BECKLEY — The West Virginia Supreme Court ruled Friday that Jasper, the Raleigh County dog at the center of a three-year legal battle, is to be euthanized.

In the decision, the court agreed with Raleigh County Circuit Court Judge H.L. Kirkpatrick that Jasper’s former owner, petitioner Brenda Jeffrey, had no standing to proceed with an appeal in Jasper’s ordered euthanization. The Court relied heavily on a statement of voluntary surrender which Jeffrey made on Aug. 20, 2014, in which she stated that she had surrendered Jasper to Raleigh County Humane Society and relinquished her rights as an owner.

Kirkpatrick declined to comment on the case Friday.

Jasper, a Whippet mix, reportedly bit two children in Prosperity without provocation on May 23, Aug. 15 and 17, 2014. In the Aug. 17, 2014, incident, the child underwent a serious surgery that required over 100 stitches to her arm, her mother reported. A second restorative surgery was recommended by surgeons, for when the child was older.

Jeffrey and the second owner, Randall Smith, were criminally charged with harboring a vicious animal. In January 2015, the state filed a petition to destroy Jasper. During an evidentiary hearing later in January 2015 before Kirkpatrick, the judge ruled that Jeffrey had “no standing” to contest the state’s petition to have Jasper destroyed.

In February 2015, Kirkpatrick ordered Jasper to be euthanized. In March 2015, Jasper’s owners both entered pleas of guilty to harboring a vicious dog at that time.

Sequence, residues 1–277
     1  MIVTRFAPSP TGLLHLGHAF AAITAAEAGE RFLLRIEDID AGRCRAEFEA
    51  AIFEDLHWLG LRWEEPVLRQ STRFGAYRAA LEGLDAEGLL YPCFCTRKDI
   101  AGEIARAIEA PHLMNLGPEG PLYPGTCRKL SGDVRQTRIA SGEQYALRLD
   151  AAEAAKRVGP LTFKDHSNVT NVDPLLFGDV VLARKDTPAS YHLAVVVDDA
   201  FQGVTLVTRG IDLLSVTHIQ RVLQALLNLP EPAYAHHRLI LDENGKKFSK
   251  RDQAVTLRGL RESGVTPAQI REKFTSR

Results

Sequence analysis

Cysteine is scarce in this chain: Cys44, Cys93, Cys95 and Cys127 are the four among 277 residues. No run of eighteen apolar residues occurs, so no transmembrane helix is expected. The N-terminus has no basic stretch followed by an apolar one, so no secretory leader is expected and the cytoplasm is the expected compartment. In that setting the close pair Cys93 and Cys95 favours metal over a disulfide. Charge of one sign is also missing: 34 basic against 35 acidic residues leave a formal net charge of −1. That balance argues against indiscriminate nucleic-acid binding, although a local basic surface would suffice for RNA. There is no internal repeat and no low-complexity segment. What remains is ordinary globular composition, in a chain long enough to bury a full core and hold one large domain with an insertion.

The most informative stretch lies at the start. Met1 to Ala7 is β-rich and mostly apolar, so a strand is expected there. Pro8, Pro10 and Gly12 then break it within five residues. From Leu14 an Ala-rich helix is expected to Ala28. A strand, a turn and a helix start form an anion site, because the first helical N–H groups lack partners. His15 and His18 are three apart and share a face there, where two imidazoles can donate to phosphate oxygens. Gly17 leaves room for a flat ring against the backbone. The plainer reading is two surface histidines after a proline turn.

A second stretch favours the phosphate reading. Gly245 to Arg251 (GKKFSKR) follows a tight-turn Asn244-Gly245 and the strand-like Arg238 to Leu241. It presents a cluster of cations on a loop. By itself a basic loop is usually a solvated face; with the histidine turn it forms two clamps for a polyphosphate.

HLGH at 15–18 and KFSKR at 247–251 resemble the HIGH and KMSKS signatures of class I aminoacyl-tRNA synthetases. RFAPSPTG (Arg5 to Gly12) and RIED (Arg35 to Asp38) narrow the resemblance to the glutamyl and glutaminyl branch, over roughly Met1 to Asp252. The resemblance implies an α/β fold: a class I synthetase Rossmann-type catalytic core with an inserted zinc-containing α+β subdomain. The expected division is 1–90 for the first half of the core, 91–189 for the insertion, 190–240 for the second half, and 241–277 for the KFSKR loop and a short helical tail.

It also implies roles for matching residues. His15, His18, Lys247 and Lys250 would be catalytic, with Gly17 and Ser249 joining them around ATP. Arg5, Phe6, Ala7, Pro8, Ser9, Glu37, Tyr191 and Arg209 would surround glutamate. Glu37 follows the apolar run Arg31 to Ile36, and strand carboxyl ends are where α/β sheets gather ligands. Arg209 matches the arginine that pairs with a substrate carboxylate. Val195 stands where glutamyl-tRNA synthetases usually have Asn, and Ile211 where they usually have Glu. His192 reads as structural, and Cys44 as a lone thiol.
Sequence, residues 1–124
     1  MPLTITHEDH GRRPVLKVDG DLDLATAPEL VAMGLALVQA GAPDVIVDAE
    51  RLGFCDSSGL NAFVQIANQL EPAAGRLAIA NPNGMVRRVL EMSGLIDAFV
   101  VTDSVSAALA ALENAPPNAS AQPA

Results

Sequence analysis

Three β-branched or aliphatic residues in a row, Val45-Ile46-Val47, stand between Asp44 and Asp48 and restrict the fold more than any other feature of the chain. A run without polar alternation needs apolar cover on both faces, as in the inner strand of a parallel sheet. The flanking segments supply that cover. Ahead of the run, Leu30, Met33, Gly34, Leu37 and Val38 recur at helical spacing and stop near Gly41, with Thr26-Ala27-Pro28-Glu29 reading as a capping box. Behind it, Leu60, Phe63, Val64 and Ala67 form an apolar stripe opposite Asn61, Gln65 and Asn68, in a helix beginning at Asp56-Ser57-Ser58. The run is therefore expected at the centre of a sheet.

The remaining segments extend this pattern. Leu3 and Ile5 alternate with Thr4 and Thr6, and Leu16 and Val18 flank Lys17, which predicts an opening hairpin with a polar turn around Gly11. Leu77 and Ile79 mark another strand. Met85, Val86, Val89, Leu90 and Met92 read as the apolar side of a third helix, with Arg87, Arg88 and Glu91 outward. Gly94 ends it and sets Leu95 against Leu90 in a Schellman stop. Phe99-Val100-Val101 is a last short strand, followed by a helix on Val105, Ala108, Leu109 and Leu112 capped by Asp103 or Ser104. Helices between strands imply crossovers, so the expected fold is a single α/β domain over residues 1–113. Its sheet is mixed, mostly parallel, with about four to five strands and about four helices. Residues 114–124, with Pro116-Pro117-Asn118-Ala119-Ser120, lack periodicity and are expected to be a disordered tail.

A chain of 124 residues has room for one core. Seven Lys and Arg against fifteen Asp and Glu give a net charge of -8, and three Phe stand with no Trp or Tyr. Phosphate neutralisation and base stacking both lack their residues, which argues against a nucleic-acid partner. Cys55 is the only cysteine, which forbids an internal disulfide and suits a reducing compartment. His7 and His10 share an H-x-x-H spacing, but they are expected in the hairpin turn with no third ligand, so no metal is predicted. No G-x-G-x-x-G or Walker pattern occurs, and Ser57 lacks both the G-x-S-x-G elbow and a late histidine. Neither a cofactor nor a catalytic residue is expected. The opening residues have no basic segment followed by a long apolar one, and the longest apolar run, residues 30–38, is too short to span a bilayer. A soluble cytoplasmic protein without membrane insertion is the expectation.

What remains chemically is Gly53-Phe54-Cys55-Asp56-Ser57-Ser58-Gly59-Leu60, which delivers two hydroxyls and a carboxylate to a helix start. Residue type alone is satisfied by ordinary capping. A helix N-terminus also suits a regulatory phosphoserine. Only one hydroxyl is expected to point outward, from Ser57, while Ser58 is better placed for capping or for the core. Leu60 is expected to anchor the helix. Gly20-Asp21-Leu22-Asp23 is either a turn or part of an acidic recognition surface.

In May, a Raleigh Magistrate Court judge found that Jasper was a vicious animal, in accordance with state code . With Jeffrey present at the hearing, the magistrate ordered that Jasper be euthanized.

Neither Jeffrey nor Smith filed an appeal.

In February 2016, the Humane Society appealed the decision before Kirkpatrick who ruled that the Humane Society did not have legal standing to file an appeal of the magistrate court decision and ordered the euthanization to proceed.

The Humane Society appealed to the West Virginia Supreme Court. The higher court refused to hear the appeal, due to an inadequate brief.

In January 2017, Kirkpatrick set a schedule for the euthanization and how it should be performed. Attorneys for the Humane Society filed before Kirkpatrick an injunction to stop the euthanization order and to set aside the magistrate’s decision. Kirkpatrick denied the requests in March 2017.

The Humane Society appealed the matter to the State Supreme Court, which affirmed Kirkpatrick’s decision on Friday.

Story from The Register-Herald

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